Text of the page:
By definition, recruitment refers to the process of attracting, screening and selecting qualified people for a job at an organisation. This is done through the recruitment channels which include different channels such as the traditional advertisements in local, international newspapers, professional institutions' bulletins, magazines, portals, also through Direct mailing, Radio/television. The use of posters -outdoor and Transit, employee referral program. Furthermore we have the word of the mouth via significant individuals, third party websites, organisation's recruitment website, recruitment fairs and search consultants commonly known as Headhunters who are engaged in the business of "hunting” talents.
It is working together across borders to attract and hire the best talent the market place has to offer everywhere in the world. This is done through Candidate Sourcing Centre which are established at major cities within given regions which are staffed by Recruitment Specialists whose role is to work directly with the country HR specialists to understand recruitment needs and provide valued propositions and solutions. And lastly, Joint Campus recruitment at the undergraduate and postgraduate levels.
Diversity and Inclusion
Diversity is a collective mixture of individuals, cultures and organisational expertise. It is all the differences that make each individual unique and things that people have in common that connect them. Diversity includes everyone.
Inclusion is behaviours, policies and practices that allow people develop to their full potentials.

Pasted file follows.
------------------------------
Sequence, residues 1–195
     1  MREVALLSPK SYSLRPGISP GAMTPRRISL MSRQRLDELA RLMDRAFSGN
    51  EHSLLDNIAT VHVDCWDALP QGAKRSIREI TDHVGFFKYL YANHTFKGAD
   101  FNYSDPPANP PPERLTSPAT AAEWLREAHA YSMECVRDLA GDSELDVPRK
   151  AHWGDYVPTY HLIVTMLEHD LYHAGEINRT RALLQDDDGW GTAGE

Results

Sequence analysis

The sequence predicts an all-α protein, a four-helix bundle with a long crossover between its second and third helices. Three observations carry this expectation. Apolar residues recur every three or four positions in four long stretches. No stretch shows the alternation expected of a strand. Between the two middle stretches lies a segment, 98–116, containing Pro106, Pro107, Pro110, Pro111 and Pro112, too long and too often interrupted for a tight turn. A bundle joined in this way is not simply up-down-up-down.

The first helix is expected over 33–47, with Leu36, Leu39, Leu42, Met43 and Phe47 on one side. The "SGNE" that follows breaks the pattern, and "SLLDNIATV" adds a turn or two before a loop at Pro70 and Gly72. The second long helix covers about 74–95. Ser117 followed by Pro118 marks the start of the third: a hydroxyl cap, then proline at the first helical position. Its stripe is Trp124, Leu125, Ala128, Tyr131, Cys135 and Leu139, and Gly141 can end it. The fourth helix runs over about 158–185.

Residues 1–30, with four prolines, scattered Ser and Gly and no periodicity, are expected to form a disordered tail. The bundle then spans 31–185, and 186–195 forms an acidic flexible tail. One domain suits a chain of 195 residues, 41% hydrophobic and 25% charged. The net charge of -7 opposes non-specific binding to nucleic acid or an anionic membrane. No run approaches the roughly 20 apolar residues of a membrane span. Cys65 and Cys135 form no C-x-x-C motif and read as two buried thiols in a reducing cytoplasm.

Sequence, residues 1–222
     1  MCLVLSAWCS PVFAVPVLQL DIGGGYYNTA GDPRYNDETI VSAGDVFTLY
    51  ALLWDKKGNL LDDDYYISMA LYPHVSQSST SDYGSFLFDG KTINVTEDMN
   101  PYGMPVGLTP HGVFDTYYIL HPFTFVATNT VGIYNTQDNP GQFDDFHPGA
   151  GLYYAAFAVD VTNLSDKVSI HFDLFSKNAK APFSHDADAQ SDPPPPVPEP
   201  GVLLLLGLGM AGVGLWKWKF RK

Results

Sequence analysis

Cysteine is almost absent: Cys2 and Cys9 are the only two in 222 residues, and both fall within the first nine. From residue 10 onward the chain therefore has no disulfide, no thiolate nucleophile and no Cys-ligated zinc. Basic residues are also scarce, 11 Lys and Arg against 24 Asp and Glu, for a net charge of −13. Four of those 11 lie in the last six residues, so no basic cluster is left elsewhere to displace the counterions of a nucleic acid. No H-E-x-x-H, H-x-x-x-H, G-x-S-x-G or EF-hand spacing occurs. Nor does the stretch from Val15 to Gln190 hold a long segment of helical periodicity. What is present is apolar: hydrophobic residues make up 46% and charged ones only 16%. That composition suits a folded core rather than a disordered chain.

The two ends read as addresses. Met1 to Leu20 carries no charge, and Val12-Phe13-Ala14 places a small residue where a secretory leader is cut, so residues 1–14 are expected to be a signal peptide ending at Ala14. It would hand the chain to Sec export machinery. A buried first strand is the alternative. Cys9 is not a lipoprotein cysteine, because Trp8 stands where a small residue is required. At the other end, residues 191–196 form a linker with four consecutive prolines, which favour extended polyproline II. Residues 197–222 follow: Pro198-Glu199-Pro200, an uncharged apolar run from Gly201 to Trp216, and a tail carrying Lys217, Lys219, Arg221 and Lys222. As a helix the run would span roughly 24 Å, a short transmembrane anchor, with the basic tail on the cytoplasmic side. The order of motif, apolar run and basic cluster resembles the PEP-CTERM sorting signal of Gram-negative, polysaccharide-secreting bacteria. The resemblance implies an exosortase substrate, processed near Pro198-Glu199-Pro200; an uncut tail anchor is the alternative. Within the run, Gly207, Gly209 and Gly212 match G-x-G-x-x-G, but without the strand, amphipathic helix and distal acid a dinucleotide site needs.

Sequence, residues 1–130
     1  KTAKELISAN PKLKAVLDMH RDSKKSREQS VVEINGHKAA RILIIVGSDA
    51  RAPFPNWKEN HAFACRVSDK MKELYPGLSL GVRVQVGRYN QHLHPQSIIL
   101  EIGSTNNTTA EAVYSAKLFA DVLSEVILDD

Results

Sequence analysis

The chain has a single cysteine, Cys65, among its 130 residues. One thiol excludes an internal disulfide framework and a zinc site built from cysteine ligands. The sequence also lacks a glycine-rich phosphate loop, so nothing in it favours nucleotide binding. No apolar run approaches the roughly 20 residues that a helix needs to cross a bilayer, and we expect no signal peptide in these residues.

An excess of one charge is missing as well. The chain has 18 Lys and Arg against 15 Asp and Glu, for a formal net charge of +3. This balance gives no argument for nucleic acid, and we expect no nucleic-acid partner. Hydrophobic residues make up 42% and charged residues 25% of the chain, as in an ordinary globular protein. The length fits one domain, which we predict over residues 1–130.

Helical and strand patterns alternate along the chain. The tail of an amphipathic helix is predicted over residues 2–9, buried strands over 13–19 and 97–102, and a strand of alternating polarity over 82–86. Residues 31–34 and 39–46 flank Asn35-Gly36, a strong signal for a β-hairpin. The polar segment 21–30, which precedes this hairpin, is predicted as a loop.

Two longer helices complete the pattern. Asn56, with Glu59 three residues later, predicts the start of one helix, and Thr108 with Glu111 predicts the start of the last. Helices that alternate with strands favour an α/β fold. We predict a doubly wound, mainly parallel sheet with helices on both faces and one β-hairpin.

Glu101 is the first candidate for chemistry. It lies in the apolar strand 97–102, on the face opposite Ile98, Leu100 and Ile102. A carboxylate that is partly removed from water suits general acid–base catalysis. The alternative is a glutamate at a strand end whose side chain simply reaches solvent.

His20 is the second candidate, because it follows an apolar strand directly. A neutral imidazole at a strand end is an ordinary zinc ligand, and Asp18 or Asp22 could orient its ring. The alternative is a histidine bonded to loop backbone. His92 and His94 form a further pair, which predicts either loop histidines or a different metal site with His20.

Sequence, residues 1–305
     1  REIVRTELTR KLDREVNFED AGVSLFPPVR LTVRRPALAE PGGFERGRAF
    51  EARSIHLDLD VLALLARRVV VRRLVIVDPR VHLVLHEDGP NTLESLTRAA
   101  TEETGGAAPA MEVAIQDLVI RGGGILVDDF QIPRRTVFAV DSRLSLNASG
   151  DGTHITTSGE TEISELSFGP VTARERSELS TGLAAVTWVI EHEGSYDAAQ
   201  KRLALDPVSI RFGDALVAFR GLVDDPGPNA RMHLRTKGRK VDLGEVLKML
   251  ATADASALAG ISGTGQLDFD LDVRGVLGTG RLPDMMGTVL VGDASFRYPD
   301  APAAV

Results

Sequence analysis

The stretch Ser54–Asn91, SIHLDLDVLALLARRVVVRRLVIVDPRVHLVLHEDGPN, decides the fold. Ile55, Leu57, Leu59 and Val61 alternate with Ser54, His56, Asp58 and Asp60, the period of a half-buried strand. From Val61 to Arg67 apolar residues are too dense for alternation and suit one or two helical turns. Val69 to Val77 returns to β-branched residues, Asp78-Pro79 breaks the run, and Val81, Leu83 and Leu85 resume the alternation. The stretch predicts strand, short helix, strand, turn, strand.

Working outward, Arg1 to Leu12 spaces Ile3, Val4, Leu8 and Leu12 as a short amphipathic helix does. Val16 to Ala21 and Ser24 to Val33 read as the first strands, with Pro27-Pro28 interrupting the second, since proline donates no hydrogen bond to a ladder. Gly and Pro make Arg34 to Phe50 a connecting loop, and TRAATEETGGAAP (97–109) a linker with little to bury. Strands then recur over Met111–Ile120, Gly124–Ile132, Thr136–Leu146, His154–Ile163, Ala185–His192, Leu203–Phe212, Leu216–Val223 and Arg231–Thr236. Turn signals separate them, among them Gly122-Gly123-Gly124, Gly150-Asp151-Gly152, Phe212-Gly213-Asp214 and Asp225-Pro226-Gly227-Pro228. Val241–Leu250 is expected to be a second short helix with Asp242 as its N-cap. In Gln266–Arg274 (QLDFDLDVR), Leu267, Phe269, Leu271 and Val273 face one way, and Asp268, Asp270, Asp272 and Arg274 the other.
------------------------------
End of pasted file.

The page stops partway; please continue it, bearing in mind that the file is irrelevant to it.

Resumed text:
Retain also known as employee retention is a business management term referring to efforts by employers to retain current employees in their workforce. Retention can be done by Performance Management, Succession planning, Mobility, Rewards Management, Accelerated Development and Coaching/Mentoring.
Performance Management can be defined as a strategic and integrated approach to delivering sustained success to organisations by improving the performance of the people who work in them and by developing the capabilities of teams and individual contributors. Armstrong and Baron, 1998. Performance management has greater integration with the plans of the organisation; it is the fundamental process of management and part of the everyday activities of a manager and is based on all employees making contributions to the overall performance of the organisation. The main purpose of performance management is to drive improvement in business, build organisational and individual capability and carving out consequences for performance ad non performance. In order to monitor the performance of individual and the organisation performance standards are necessary. A performance standard dedicates acceptable level of behaviour at work and provides a degree of reliability and guidance.
Succession planning is to design to ensure that there is continuity when an individual leaves the organisation. The objective of succession planning need to be defined vis-a-vis what is the organisation trying to achieve? Is it to find successful potential at the senior management level or is it to drive through the organisation?